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New report lays bare the realities of the cost of living crisis for families on low income

Posted on 4 October 2023

A new report lays bare the realities of the cost of living crisis for families on low income and offers an insight into local councillors’ fears of a “sense of crisis” in the communities they serve.

Rising energy costs and inadequate social security policies are hitting households with low income hard, according to the report

Researchers at the University of York have led a series of studies into how rising living costs are affecting households across the country and the evidence highlights how a myriad of pressures are pushing families to breaking point.


Spiralling costs of household necessities, rising energy costs and inadequate social security policies are hitting households with low income hard – this has contributed to an increase in the number of people threatened with homelessness and is having a direct impact on people’s mental health, according to the report.

 ‘Sticking Plasters and Systemic Solutions: Cost of living responses in the UK’, published by the University’s York Cost of Living Research Group, explores the impact of the crisis from the perspective of families on low incomes, people experiencing fuel poverty and local government.

Local authorities have been at the forefront of the cost of living response, providing advice, innovative new services, and financial support to their communities and delivering key initiatives on behalf of central government.

But the new analysis reveals significant variations in how authorities deliver their support, with consequences for who is getting help and what that looks like.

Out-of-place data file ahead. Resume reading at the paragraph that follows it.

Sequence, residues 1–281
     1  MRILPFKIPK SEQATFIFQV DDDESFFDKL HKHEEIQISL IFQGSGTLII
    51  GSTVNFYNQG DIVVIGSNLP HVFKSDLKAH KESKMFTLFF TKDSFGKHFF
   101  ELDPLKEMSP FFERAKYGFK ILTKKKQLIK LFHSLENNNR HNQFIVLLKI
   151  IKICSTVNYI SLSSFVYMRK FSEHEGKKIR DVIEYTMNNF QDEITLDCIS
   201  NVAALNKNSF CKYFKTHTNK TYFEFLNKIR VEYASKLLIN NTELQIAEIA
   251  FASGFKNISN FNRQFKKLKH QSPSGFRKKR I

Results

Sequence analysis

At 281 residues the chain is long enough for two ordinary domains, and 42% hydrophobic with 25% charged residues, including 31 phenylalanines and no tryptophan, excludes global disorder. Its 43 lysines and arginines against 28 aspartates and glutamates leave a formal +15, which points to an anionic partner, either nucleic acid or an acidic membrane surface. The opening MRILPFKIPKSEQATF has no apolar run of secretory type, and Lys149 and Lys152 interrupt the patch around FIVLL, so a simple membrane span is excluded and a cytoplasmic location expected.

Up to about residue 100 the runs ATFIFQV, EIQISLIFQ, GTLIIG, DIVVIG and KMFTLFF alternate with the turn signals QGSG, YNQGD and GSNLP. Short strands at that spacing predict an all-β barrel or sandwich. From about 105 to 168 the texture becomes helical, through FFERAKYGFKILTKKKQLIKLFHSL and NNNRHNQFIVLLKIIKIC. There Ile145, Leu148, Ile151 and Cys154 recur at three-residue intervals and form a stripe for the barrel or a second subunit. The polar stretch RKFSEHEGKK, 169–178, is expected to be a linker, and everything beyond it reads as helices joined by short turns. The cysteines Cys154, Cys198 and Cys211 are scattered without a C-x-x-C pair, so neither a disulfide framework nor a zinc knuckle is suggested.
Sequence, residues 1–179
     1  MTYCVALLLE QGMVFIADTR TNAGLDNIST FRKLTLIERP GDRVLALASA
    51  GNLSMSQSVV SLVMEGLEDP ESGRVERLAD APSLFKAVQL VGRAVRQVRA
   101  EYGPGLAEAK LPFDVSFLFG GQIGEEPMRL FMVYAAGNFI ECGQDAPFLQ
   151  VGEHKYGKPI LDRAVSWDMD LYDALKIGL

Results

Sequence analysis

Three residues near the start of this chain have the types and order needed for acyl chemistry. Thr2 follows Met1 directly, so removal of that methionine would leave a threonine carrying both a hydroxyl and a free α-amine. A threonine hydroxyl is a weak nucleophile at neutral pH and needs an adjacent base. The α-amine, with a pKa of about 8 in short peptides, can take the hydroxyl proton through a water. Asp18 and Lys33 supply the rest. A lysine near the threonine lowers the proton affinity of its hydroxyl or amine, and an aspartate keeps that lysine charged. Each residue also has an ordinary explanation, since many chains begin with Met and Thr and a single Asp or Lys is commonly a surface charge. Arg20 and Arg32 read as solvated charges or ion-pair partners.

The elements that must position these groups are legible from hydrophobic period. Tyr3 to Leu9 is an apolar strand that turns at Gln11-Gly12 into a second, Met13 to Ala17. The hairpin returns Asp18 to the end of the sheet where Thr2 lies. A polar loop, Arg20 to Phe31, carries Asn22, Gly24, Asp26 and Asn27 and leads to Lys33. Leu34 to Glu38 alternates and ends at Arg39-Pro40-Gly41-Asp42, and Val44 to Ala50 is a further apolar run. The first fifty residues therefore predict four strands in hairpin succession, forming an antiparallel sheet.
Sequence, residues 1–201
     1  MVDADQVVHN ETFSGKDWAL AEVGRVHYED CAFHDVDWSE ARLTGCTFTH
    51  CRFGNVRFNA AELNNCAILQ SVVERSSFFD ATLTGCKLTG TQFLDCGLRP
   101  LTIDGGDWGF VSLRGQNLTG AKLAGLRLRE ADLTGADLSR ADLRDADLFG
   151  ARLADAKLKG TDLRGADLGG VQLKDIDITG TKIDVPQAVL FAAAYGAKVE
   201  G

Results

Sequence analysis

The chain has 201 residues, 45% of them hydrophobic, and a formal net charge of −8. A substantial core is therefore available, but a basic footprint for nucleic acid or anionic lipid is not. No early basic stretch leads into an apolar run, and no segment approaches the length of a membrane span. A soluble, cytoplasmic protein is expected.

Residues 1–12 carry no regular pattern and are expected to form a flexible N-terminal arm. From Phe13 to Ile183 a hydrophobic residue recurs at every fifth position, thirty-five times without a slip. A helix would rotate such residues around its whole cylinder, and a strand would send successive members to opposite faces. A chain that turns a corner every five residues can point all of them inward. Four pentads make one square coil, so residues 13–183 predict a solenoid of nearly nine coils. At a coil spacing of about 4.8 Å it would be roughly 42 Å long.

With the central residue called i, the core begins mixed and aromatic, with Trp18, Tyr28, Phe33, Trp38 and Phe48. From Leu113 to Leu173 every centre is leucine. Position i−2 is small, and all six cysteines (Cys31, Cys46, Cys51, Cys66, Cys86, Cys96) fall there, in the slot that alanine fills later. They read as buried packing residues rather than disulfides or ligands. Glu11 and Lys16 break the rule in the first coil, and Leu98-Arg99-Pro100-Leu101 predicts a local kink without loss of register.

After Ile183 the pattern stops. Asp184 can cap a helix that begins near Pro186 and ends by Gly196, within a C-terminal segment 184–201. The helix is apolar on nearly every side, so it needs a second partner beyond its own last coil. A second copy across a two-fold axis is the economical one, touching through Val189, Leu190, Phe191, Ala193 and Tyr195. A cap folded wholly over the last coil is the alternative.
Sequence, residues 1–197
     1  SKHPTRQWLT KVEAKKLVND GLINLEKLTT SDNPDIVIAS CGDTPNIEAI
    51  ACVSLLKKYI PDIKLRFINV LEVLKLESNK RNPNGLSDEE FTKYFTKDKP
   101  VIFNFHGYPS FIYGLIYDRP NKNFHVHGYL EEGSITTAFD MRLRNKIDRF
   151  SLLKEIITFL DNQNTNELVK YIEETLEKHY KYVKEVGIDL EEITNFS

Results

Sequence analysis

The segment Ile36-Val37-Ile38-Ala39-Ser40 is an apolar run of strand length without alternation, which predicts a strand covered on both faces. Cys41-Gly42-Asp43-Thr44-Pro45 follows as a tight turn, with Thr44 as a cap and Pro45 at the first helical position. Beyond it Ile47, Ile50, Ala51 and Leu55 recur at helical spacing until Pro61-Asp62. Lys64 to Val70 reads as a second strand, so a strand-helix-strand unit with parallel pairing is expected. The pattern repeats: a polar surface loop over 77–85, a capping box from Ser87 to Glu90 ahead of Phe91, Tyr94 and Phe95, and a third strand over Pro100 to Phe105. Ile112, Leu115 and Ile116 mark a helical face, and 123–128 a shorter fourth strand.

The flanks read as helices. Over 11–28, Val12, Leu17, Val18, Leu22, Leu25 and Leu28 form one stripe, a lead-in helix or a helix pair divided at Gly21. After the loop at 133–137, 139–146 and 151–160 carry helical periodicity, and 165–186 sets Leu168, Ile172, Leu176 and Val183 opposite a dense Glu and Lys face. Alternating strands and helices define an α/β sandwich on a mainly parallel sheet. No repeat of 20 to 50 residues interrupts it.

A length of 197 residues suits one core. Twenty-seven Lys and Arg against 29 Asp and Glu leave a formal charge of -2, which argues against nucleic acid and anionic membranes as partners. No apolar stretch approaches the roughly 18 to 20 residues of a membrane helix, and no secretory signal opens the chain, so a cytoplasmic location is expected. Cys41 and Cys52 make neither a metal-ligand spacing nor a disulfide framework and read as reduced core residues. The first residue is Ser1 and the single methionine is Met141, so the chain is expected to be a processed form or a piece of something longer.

The Household Support Fund (HSF), which provides local authorities in England with significant additional finance to help support vulnerable households with essentials, has become a lifeline for many people struggling with rising living costs.

However, pressure for rapid roll-out of the scheme has meant that significant variations have emerged in how HSF schemes are organised and has led to failings in providing people with the right kind of support for meeting their needs, according to the research.

A survey of elected councillors undertaken at the start of 2023 exposed concern for specific groups within their communities, including children in low income families, pensioners and those receiving unemployment benefits. The findings showed:

  • Eight out of 10 say that children in low income families were at risk of destitution in their area due to the cost of living crisis
  • Seven out of 10 say that people in receipt of unemployment benefits were at risk of destitution
  • Six out of 10 say that pensioners were at risk of destitution
  • Seven out of 10 say their authority would not be well equipped to respond to another financial shock in the future.
  • Seven out of 10 say health and social care services in their local authority did not have sufficient resources to cope with the current crisis.

Early data analysis from a more recent survey undertaken in the summer supports the earlier findings, with councillors indicating that living standards have declined in their areas during the previous six months and expressing dissatisfaction with how the government has handled pressures from rising living costs.


The report states that local authority staff delivering financial support schemes have warned that current resources for tackling the cost of living crisis amount to a sticking plaster response upon which residents are increasingly dependent, whilst widespread structural problems in the welfare system go unaddressed.

It also calls into question the current tax and benefits system and makes the case for reversing policies, such as the two-child limit and the benefit cap, to protect families from the worst impacts of the crisis.

Evidence indicates that abolishing the two-child limit and benefit cap could help lift over 1.5 million children out of poverty, which would making a particular difference to households less able to increase their income through employment, including lone parents and families with younger children.

The report also highlights the impact of rising living costs on people’s mental health. The University’s Changing Cost of Living Study, which has been tracing how people’s mental health changes in real time as their financial circumstances change, showed that as people’s non-committed incomes have gone down, their depression and anxiety has gone up.